Because there are some people who, after waiting so many years, decide not to immigrate after all, Congress authorized the State Department to terminate a registration where the immigrant has not contacted the State Department after a year.  There is no question that the State Department has been able to terminate registration for the orderly administration of visa issuance since the provision was enacted in 1976, when Congress authorized termination of registration.  In 1976, Congress also authorized automatic revocation of the petition itself.  Regulations were issued after that allowing not only for the State Department to terminate the person’s registration for a visa, but to also allow the immigration service to revoke the petition, effectively destroying it and the person’s place in line.  When that happens, everything is absolutely gone, and the person has to start over.  That’s a harsh result.  In 1991, however, Congress took away the immigration service’s ability to revoke the petition and take away the person’s place in line.  The regulations, however, were not updated, and in the past quarter century, the immigration agency has been revoking petitions based on the law prior to 1991.  This is unlawful and unauthorized.

There were good reasons for Congress to disallow the complete destruction of a petition and place in line just because the State Department terminated the person’s registration for a visa.  Back in 1975, when Congress was considering what to do with termination of registration and revocation of petitions, the State Department Assistant Secretary for Congressional Relations, Robert McCloskey, wrote a letter dated September 22, 1975 to the House Judiciary Committee Chairman.  In that letter, the State Department voiced its opposition to the termination and revocation law being considered by Congress.  Here is what the letter said:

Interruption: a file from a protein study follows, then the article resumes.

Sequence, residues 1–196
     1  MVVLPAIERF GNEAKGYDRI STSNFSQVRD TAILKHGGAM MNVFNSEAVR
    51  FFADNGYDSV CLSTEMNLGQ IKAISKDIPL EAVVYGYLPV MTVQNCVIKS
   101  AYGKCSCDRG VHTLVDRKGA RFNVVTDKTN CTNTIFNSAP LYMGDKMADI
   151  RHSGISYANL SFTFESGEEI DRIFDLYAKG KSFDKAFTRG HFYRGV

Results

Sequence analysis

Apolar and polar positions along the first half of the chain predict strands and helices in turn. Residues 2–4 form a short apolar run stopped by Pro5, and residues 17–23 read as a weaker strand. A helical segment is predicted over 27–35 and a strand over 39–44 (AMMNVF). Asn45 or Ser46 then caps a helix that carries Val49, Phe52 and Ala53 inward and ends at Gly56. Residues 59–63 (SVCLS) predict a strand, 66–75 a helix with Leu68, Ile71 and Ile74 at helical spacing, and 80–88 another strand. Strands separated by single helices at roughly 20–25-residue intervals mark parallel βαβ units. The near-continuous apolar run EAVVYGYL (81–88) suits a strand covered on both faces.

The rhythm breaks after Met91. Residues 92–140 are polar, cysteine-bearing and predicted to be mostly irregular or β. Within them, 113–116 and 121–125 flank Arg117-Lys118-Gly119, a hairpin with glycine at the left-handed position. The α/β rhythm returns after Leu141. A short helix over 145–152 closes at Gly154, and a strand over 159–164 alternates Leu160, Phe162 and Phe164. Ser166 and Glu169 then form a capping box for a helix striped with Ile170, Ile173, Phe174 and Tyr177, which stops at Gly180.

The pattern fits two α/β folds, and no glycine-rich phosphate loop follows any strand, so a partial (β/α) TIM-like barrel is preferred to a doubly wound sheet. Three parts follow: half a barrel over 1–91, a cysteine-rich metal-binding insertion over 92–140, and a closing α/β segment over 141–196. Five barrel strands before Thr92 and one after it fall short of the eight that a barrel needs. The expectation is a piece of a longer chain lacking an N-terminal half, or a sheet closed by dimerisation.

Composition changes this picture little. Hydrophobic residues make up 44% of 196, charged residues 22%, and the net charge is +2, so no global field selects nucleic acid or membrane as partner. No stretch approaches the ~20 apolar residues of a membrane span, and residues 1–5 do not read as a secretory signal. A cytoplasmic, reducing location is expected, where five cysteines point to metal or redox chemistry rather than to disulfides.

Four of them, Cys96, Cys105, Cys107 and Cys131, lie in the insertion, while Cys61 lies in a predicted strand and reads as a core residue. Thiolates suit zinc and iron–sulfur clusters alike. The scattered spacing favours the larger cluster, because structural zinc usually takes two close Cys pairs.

“Section 5 (3) would amend section 203(e) by inserting therein provision for cancellation of an alien’s registration on an immigrant visa waiting list under certain circumstances.  Under this provision, an alien registered on an immigrant visa waiting list would face cancellation of his registration if he failed to pursue his application within one year after notification that his turn had been reached making it possible for him to do so.  The alien would be accorded one additional year during which he could seek restoration of his registration by establishing that his failure to pursue his application had been due to reasons beyond his control.  If the alien failed to come forward during the additional year or if he did so but was unable to establish that his failure to pursue had been due to circumstances beyond his control, the cancellation of his registration would become final and any petition approved to accord him an immigrant status would be revoked.